A study published in the March 2010 issue of Psychological Bulletin claims that it proves a connection between violent video games and aggressive children. Study leader Professor Craig Anderson of Iowa State University said, "exposure to violent video games increases the likelihood of aggressive behavior in both short-term and long-term contexts. Such exposure also increases aggressive thinking and aggressive affect, and decreases prosocial behavior."
Anderson's study claims that regardless of age, sex or culture, violent video games increase the risk of future aggressive behavior.
"These are not huge effects," he qualified in a press release, "not on the order of joining a gang vs. not joining a gang. But these effects are also not trivial in size. It is one risk factor for future aggression and other sort of negative outcomes."
A research paper also published in Psychological Bulletin by researchers from Texas A&M International University disputes Anderson's "conclusive" findings, saying that their study "included many studies that do not relate well to serious aggression, an apparently biased sample of unpublished studies."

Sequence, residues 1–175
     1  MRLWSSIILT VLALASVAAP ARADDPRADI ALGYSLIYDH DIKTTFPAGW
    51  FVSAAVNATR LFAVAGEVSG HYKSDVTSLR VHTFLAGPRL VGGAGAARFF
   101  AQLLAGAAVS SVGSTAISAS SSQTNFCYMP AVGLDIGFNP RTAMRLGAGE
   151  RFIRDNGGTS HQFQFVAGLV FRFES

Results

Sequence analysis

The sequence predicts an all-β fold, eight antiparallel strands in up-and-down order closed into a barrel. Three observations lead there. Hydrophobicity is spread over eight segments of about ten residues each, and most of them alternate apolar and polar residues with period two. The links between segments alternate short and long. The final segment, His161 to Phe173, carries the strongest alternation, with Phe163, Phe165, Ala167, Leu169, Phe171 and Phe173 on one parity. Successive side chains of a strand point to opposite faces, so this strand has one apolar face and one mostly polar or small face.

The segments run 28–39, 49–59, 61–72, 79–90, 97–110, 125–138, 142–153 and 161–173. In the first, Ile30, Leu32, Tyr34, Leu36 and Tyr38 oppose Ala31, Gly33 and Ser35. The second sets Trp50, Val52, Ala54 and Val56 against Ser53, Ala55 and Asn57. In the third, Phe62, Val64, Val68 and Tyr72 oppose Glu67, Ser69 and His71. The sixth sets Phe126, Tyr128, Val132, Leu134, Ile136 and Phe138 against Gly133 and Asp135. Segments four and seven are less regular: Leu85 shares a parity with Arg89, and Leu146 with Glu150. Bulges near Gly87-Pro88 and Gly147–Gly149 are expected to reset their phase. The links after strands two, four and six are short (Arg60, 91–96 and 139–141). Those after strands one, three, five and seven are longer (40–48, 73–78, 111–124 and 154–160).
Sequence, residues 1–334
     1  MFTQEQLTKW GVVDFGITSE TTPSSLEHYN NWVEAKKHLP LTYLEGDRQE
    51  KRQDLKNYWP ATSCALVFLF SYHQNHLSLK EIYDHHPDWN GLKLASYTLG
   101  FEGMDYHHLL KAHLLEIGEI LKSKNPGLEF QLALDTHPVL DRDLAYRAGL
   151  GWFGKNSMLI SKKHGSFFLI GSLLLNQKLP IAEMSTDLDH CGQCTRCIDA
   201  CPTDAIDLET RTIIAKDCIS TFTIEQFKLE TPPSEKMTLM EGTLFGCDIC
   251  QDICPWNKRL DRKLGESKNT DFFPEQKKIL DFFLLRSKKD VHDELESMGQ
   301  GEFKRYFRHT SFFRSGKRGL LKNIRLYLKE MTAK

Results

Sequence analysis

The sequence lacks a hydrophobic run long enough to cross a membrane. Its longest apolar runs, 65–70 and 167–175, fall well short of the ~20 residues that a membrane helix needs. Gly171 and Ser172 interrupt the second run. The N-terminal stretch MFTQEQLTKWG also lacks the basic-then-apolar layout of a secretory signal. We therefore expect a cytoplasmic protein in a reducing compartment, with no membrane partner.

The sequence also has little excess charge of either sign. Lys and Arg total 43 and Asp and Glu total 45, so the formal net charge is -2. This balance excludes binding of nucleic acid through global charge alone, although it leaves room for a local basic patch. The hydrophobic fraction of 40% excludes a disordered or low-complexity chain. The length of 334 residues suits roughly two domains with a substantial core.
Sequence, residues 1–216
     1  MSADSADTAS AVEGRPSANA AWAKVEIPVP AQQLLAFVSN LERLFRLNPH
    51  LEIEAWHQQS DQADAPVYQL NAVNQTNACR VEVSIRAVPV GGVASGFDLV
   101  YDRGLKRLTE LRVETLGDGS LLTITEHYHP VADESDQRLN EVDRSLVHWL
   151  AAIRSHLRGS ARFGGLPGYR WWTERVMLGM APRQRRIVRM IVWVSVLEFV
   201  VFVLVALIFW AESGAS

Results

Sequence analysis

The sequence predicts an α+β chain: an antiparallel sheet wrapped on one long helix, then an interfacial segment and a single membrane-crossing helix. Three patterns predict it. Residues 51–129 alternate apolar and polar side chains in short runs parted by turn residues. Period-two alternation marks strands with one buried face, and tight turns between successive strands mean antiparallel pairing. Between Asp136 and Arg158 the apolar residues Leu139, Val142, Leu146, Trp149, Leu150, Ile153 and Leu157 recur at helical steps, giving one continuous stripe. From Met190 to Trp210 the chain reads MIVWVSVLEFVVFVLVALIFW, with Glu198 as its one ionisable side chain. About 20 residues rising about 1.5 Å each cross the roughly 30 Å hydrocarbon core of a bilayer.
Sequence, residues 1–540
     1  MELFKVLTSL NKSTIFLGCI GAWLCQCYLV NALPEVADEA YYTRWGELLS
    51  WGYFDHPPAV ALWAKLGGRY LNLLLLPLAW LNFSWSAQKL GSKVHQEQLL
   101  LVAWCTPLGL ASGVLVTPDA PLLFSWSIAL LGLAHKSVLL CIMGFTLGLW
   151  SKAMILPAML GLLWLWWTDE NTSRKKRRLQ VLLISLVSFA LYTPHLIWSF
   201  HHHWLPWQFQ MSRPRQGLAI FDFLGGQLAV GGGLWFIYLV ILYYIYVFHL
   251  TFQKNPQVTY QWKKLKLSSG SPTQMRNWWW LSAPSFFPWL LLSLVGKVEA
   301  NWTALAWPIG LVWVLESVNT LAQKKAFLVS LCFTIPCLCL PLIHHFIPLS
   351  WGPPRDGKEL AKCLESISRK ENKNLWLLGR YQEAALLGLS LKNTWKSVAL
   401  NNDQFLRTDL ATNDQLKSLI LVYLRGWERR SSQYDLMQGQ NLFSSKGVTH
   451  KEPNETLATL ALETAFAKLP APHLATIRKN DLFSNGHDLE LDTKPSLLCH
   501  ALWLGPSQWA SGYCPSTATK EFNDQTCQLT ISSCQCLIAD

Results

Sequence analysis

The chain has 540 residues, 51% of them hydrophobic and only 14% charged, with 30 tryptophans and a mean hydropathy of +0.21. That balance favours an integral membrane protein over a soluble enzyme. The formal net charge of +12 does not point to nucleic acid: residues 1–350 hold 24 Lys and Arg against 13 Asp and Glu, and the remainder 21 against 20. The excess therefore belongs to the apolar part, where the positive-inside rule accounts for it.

The authors of the research paper conclude:
There are real risks that the exaggerated focus on [violent video games], fueled by some scientists, distracts society from much more important causes of aggression, including poverty, peer influences, depression, family violence, and Gene X Environment interactions. Although it is certainly true that few researchers suggest that [violent video games] are the sole cause of violence, this does not mean they cannot be wrong about [violent video games] having any meaningful effect at all. Psychology, too often, has lost its ability to put the weak (if any) effects found for [violent video games] on aggression into a proper perspective. In doing so, it does more to misinform than inform public debates on this issue.
In other words, this debate ain't over yet.
Source:Videogame Violence Researchers Battle (Non-Violently) [GamePolitics]